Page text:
Who We Are: Dr. Jesse Guscott
“People will have stress responses in medical crises, but the point is to learn how we respond to stress and to develop the skills to lead and collaborate effectively in spite of it.” – Dr. Jesse Guscott, Assistant Clinical Professor, Collingwood
Specialist physician trains colleagues to harness stress response
Family doctor Jesse Guscott designs training programs to help physicians cope with medical emergencies. His teaching aids include computerized, high fidelity mannequins that can simulate real patients. They can speak, breathe, cough, vomit and exhibit a pulse and heart rate, in order to help doctors experience, and then learn to outwit, their stress responses.
Our primal stress responses evolved to help us in fight or flight situations. We needed to be able to outrun predators, not solve complex intellectual problems, Jesse explains.
However, “in a medical crisis, we need the exact opposite to happen,” he says.
Jesse is a physician at Collingwood General and Marine Hospital.
He created the SCORE (Simulating Crisis for Optimal Response in Emergencies) training program in 2018, drawing on more than 10 years of experience in medical simulations.
The mannequins were funded by the hospital foundation. Each is valued at up to $100,000, and can be reprogrammed to change the details for an individual training scenario.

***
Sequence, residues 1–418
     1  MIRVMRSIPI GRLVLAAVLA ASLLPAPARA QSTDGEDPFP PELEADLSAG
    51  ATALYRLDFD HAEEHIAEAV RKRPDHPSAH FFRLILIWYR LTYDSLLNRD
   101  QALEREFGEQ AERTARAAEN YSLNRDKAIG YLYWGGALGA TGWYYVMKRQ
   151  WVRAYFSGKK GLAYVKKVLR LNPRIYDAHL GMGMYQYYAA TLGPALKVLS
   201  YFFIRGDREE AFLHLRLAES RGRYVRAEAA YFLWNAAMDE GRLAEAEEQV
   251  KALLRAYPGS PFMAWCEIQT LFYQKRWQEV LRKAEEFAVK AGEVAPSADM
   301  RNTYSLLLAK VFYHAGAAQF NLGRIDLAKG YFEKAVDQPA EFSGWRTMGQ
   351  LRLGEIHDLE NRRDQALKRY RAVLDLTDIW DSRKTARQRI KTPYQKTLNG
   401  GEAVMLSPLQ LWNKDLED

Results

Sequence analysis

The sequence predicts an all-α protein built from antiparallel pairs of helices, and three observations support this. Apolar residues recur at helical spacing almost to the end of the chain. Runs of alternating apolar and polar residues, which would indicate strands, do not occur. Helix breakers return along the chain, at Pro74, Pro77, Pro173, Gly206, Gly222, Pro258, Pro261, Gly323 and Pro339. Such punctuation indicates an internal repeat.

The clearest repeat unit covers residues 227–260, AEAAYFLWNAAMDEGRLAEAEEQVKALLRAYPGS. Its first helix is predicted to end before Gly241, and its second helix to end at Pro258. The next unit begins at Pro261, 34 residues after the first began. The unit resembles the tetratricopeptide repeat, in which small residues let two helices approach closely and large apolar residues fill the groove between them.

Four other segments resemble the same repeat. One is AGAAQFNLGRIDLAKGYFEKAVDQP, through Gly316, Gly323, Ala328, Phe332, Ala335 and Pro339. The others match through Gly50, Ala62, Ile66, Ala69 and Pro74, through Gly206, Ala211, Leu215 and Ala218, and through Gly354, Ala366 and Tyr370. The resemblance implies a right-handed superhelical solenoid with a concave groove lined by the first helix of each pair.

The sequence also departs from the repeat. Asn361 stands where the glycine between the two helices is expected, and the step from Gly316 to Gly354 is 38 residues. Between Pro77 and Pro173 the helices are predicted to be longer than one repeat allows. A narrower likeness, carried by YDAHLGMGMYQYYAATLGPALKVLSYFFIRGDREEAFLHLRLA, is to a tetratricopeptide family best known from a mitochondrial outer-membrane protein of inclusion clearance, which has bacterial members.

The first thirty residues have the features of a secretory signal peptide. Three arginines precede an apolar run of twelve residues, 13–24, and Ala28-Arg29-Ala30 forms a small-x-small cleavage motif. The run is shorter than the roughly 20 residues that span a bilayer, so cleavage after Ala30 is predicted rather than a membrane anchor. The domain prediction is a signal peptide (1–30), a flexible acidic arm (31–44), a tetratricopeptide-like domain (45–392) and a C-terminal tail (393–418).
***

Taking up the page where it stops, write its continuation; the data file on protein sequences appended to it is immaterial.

Family doctors take turns in the leadership role:
“They’ll say, ‘that case was absolutely terrifying,’ and we say, ‘of course it is!’ Your brain isn’t supposed to do this naturally.”
Training for crisis
Through his own simulation training, Jesse realized he tends to dominate in a stressful situation, and learned to step back to encourage more effective teamwork.
Another physician showed “a quiet calm that is very good in a crisis. However, she didn’t communicate the urgency of the situation. Her team had no idea how bad it was.”
Jesse grew up in Hamilton and chose the medical school at McMaster University, followed by residency through McMaster’s rural family medicine residency program in Collingwood. He completed the university’s Enhanced Skills Program in Family Practice Anesthesia, which he now directs.
“Some of the things that really scare emergency room doctors are things anesthetists tend to be experienced in, including intubation. I wasn’t far into my training before I realized how fascinating it is.”
Jesse and his wife, Gwen Jamieson, who is a social worker, have three children, and their fourth is expected in February. The family loves Collingwood, but for Jesse, the medical experience has been the best part of living there:
“Here, family doctors do multifaceted emergency care, anesthesia, obstetrics and neonatal care – things I didn’t know family doctors were allowed to do,” he says.
These days, he’s increasingly focused on his teaching role: “It’s my favourite thing. Learners make me smarter.”
By: Elizabeth Meen
January 23, 2020